This summer, as the heat starts to rise and perhaps the kids start complaining of nothing to do in the holidays, what could be better than heading out and getting into the pool?
All around Nagoya, between July 20th and August 31st, there are outdoor public swimming pools, meaning you can get out of the air-con, feel the sunshine on your skin, all the while keeping nice and cool. And what’s more, at just 300 JPY for adults and 100 JPY for those under 16 & over 65, it needn’t cost an arm and a leg.
In some countries it is acceptable to quickly stick your head under the shower before diving into the pool – in some countries even this nod to hygiene is not required – but in Japanese public baths, much like in the hot spa onsen, it is expected that you wash thoroughly before you enter the pool. Soap and shampoo are not necessarily required, but a good scrub under the shower head is the least that is expected. Another thing to remember is the removal of your shoes before entering the changing rooms which, considering how many bare feet there are, is not such a daft idea.
Whether male or female, anyone swimming at a public pool is required to wear a swimming cap. And while some of the more follicly challenged amongst us gentlemen may feel it an absurd undertaking when we have more hair on our chests than on our heads, pool culture in Japan demands that we must follow the lead of our more hirsute companions. Swimming caps (often cloth as opposed to the nylon sort worn by professional swimmers) can be found in most sports stores. If you do not have a cap your local pool may be able to provide you with one for your visit.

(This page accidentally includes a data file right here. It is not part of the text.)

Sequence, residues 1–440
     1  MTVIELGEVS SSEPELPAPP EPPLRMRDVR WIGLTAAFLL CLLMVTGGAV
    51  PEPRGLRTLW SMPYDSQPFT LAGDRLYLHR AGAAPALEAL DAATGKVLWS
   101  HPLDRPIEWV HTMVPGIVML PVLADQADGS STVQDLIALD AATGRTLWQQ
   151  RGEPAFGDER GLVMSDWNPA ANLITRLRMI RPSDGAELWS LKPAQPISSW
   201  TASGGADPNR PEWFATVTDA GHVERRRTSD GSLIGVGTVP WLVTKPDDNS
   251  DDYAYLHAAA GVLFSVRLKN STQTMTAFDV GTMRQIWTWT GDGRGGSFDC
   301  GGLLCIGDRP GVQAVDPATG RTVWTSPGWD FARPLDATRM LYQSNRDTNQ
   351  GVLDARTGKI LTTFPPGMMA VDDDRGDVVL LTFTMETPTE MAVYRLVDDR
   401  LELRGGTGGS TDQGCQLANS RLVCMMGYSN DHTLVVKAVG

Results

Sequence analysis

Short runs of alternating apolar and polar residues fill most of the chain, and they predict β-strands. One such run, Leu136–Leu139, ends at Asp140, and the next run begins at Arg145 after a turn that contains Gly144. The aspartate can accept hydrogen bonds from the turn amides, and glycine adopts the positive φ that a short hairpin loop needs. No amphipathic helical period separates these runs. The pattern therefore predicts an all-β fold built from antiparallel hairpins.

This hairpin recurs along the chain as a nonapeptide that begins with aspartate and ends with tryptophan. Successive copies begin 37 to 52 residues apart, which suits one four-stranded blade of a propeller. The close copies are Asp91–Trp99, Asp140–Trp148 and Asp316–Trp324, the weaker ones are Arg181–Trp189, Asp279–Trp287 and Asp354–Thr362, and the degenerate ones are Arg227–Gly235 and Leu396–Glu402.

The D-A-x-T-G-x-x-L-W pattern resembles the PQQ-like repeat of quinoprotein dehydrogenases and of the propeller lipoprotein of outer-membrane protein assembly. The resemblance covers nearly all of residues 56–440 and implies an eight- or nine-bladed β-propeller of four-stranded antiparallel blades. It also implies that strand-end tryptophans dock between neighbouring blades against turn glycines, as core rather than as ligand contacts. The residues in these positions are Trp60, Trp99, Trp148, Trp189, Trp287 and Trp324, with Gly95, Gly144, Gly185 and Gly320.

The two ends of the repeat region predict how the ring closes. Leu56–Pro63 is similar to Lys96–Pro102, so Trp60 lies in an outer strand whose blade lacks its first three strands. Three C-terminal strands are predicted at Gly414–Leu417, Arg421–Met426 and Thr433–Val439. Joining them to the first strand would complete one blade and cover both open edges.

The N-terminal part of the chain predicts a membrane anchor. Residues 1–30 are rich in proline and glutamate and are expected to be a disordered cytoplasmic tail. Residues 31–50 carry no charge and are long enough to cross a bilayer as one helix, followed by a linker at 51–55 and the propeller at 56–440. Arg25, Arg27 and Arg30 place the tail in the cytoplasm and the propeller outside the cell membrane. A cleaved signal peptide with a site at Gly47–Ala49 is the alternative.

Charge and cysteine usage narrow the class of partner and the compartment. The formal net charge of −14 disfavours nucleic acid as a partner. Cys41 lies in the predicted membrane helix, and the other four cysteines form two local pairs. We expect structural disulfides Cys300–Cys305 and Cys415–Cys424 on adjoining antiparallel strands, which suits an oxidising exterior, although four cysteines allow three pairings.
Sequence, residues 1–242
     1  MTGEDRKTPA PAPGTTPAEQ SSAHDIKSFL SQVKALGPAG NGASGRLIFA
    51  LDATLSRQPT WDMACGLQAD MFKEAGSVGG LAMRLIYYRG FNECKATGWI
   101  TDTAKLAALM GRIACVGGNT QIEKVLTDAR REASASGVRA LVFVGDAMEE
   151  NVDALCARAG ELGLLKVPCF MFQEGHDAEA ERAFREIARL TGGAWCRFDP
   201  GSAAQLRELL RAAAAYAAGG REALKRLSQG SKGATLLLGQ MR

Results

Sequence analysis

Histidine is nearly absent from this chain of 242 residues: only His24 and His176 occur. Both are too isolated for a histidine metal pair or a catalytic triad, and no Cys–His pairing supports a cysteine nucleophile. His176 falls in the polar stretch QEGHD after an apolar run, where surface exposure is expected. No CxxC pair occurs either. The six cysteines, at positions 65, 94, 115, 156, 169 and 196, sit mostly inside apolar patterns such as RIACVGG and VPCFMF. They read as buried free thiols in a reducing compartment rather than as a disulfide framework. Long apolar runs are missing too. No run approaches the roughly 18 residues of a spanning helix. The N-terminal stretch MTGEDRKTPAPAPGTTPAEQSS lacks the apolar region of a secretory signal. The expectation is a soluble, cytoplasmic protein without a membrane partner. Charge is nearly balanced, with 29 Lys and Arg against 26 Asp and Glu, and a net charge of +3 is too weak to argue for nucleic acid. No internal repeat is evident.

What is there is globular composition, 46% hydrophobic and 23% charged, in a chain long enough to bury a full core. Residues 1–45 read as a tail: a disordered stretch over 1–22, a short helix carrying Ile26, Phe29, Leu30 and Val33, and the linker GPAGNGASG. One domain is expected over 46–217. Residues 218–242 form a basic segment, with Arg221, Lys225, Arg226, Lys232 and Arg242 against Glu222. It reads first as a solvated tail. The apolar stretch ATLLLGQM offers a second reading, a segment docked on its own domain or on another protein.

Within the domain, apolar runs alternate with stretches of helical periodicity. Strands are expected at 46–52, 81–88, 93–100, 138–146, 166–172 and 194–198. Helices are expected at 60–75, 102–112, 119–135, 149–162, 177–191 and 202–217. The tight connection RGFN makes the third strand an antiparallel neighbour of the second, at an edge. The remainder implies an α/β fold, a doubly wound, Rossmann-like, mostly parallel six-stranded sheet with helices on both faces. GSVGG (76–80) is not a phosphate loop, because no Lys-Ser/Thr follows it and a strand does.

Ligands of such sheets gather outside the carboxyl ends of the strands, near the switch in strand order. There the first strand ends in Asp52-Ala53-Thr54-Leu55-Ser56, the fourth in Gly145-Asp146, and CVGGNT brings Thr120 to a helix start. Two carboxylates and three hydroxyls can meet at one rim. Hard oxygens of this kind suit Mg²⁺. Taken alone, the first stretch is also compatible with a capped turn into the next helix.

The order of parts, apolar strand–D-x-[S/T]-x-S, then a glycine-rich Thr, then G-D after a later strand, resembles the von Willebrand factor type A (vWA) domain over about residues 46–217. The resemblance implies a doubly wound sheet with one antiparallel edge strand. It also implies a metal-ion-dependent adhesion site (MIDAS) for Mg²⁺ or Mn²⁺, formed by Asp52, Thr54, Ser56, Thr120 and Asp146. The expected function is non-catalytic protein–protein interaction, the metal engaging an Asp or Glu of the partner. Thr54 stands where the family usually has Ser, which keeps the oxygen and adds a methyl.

It wasn’t so long ago that the pools were predominantly places in which to swim and little else. There were no games, no splashing about, no nothing. Nowadays this has mostly been relaxed, and all sorts of floating devices are permitted. However this may not be the case at all pools so either check with staff, lifeguards, or try to follow the examples of the other patrons. Also, the pools are not sunbathing spots, so don’t expect to be permitted to pull up a lounger and lie about soaking up the rays. You’re there to enjoy the water, and that’s just what you should be doing.
One of the great things about swimming is the peace and solitude of being fully submerged under water. In fact it can often feel as if you are all alone in the pool. If you do not pay close attention in Japanese public pools, this may indeed be the case. Every hour (usually on the hour or at five minutes to), the pool is entirely cleared while staff perform safety inspections and the lifeguards are changed.
Most swimming pools will request that women do not wear make up in the pool, but jewelry too is likely forbidden. Another big no-no in the pool are tattoos, though if you are aware of Japanese culture this will come as no surprise. If you do have tattoos, it is probably best to cover up with a rash vest, waterproof bandage, or the most concealing bathing suit you can find.
All pools below are open from 10:00 to 17:30.
To find your nearest pool, check out this map created by Nagoya International Center.
While not a public pool, and not even in Nagoya (it is over in Kuwana in Mie Prefecture) the outdoor waterpark at Nagashima Spa Land is filled to the brim with rides. In fact it is so jam-packed that it is credited as being the densest – with more rides per meter – in the world. There are eight slides including tunnels, rafts, and the frankly terrifying banana slingshot ride that has to be seen to believed. As well as the rides there are three main pools including a wave pool and a hot onsen pool. Be warned though, on summer weekends it can get pretty packed with people, and it is imperative that you cover up any tattoos.
Photo: flickr.com -Time for fun by alobos Life - (CC BY-SA 2.0) -Modified